I took care of three prompts in one today, including 3 WW and a photo prompt! I did a prompt very recently which was about an imaginary friend (Black-eyed Soul) so I went with the idea of having a second ‘you’ to fit in with the prompt as best I could.
Hannah let the train motion lull her, staring into the middle distance whilst her brain raced. She was faintly aware of the overpowering aftershave from the guy on her left and the constant clicks and blips from phones on all sides, but her thoughts were circling around the news from the doctor. She’d gone to the clinic under protest, her stance defensive at the least suggestion that their problems stemmed from her uncooperative womb. The barrage of tests had felt invasive, the onslaught of questions more so. Returning today, after a week of tension and barely controlled fear, she’d been prepared for anything but those bald words which had taken away her last hope.
“I’m sorry to have to tell you, Mrs Cooper, but there is no hope of you conceiving.”
Not ‘You aren’t very fertile’ or ‘There is very little chance’; just a single word, just two letters, no.
The train rocked unsteadily around a bend, throwing her against the man on her right as he started yammering into his phone, apparently unaware that he was talking at max volume. She had an irritable urge to elbow him in the ribs, but she knew he had three more stops to go – they usually travelled the same route every day, returning from work – and she didn’t need the hassle. Her thoughts circled back to where they had begun; how was she going to tell Trevor? He wanted kids so much and she could never provide them. Maybe he’d want a divorce? Perhaps he’d want her to carry his child made from another woman’s egg, a child that would be in no part hers, or theirs.
The train jerked into the station, Hannah only realising she had been absent through the intervening stops when her fellow passenger rose and kneed her hip. She followed him, stubbing her toe on the huge suitcase of a man she hadn’t noticed before, his case blocking most of the aisle. Stepping onto the platform she returned to her fuddled haze, unaware of suitcase guy stepping in behind her. Her heels clacked rhythmically over the iron bridge, down the stairs and rattled out of the station, drowning the low rumble of luggage wheels close behind.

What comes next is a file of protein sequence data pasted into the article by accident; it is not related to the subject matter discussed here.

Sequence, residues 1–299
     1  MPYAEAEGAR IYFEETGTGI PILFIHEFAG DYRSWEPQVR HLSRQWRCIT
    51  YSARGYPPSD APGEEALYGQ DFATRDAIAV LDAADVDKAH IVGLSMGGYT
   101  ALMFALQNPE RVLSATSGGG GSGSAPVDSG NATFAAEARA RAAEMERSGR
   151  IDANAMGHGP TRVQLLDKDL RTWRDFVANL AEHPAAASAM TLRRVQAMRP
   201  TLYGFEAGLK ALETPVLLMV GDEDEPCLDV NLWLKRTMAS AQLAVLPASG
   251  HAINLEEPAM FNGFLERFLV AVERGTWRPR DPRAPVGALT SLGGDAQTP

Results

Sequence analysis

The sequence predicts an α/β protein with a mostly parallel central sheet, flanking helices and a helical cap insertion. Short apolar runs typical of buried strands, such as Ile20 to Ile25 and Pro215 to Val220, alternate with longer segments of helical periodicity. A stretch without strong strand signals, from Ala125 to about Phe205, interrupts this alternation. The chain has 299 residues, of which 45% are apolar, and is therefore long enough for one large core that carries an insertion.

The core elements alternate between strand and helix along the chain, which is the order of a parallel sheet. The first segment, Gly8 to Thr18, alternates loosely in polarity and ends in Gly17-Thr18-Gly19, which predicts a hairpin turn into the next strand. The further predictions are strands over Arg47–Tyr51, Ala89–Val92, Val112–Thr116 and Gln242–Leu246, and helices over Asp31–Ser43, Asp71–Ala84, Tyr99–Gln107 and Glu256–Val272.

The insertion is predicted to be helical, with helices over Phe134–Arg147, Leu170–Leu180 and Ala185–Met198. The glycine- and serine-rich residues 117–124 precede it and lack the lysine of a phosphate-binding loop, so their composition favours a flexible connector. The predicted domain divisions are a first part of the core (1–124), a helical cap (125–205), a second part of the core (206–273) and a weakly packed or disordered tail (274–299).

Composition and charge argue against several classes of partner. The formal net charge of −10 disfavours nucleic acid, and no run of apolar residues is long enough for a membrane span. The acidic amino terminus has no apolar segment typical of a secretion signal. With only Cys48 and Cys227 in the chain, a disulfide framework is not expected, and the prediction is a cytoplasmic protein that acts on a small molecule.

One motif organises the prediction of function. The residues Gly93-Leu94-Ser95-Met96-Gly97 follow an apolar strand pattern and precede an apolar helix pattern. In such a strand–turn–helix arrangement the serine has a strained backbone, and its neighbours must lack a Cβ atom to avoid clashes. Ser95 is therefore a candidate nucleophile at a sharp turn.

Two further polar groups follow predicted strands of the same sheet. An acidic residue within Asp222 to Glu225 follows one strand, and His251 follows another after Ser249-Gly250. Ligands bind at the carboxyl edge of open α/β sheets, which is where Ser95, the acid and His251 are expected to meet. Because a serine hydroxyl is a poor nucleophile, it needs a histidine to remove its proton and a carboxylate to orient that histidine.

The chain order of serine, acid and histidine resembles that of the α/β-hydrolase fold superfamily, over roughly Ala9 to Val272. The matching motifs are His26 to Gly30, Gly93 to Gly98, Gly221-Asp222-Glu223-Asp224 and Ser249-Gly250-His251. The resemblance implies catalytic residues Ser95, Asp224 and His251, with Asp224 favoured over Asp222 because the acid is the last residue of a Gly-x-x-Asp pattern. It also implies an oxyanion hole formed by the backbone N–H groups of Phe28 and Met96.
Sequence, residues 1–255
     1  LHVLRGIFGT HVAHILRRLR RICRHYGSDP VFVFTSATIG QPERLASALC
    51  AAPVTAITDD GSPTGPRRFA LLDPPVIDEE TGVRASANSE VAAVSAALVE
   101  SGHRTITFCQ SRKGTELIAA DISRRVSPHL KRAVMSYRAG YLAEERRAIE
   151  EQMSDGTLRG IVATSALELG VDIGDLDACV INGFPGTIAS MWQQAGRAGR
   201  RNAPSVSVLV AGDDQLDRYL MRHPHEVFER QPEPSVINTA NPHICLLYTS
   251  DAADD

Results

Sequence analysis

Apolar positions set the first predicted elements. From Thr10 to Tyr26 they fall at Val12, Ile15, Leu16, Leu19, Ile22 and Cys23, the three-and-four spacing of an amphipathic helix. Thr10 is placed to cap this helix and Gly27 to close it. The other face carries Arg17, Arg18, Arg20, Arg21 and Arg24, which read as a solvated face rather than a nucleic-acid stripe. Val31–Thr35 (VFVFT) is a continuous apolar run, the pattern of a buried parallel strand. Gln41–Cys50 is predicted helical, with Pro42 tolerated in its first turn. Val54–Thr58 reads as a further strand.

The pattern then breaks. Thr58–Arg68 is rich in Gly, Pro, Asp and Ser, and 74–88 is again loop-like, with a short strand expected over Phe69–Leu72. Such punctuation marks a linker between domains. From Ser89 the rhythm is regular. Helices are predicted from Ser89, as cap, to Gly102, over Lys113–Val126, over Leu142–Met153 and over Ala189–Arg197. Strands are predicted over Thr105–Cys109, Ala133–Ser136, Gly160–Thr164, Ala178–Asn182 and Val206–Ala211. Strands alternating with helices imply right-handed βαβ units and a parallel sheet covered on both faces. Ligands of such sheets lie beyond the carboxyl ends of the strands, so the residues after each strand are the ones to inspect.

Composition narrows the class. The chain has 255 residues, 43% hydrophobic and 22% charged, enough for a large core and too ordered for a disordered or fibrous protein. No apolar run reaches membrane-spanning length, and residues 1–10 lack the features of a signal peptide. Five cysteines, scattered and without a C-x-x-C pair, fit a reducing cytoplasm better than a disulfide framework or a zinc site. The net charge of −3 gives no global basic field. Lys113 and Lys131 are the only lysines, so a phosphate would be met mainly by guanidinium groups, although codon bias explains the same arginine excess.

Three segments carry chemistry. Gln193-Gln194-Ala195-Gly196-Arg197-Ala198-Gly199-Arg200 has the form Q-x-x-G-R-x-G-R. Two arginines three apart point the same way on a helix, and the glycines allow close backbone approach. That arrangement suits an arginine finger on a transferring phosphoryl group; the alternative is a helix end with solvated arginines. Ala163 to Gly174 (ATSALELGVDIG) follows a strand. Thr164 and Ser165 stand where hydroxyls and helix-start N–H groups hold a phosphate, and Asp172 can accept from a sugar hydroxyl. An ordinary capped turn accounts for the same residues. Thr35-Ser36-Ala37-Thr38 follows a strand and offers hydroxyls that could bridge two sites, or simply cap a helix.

Hannah had reached the stage of wondering if she should simply offer Trevor a divorce and have done with it all rather than appear needy when she entered the pedestrian tunnel under the bypass. At any other time of day it was heaving with people scurrying to and from the apartment blocks to the offices, but at mid-afternoon it was empty, echoingly silent. It was then she finally noticed the constant rumble at her heels, glancing over her shoulder, surprised to see suitcase guy so close. She began to speed up.
Jason watched Mrs Cooper elongate her stride, hoping to lose him and decided he couldn’t wait any longer. He’d received word on the train, muttering his acknowledgment into the receiver in his glasses. He always felt a little sad for these women, even though he dealt with at least one infertility case each day. He drew the hypo from his pocket, set the case down and sprinted, efficiently pressing the needle into Mrs Cooper’s neck and depressing the plunger. He caught her as she crumpled, scanning back and forth, aware someone could enter the tunnel at any moment.
He leaned her against the wall by the suitcase and unzipped it quickly. The second Mrs Cooper tumbled out, inert, no more than a puppet. He propped her against the wall, stuffed the original into the suitcase and zipped it quickly, the dangerous part over. If anyone came through now he could readily claim to be helping the lady who had passed out. He slipped a second hypodermic from his jacket, injected the new, and extremely fertile, Mrs Cooper with the formula which brought her to life and helped her to her feet. For a second she was blank, then her programmed memories kicked in and she smiled thanking him for his help before heading home to Trevor.
Trevor Cooper who had contacted ‘Second Life’, Jason’s employers, and asked that they grow a clone of his wife, a clone capable of reproduction. Since the mutated flu epidemic of 2125, when so many millions had been wiped out, the need to repopulate had been deemed urgent, leading directly to the birth of Second Life. At birth, every woman had cells taken and stored. When needed, for whatever reason there was infertility, a clone was grown and replaced seamlessly, by men like Jason.
He turned now, wheeling the comatose ex-Mrs Cooper to the station, ready to face the hardest part of his work. She was to be returned to Second Life and turned over to the research department, a new guinea pig for the scientist experimenting to find all the causes of infertility .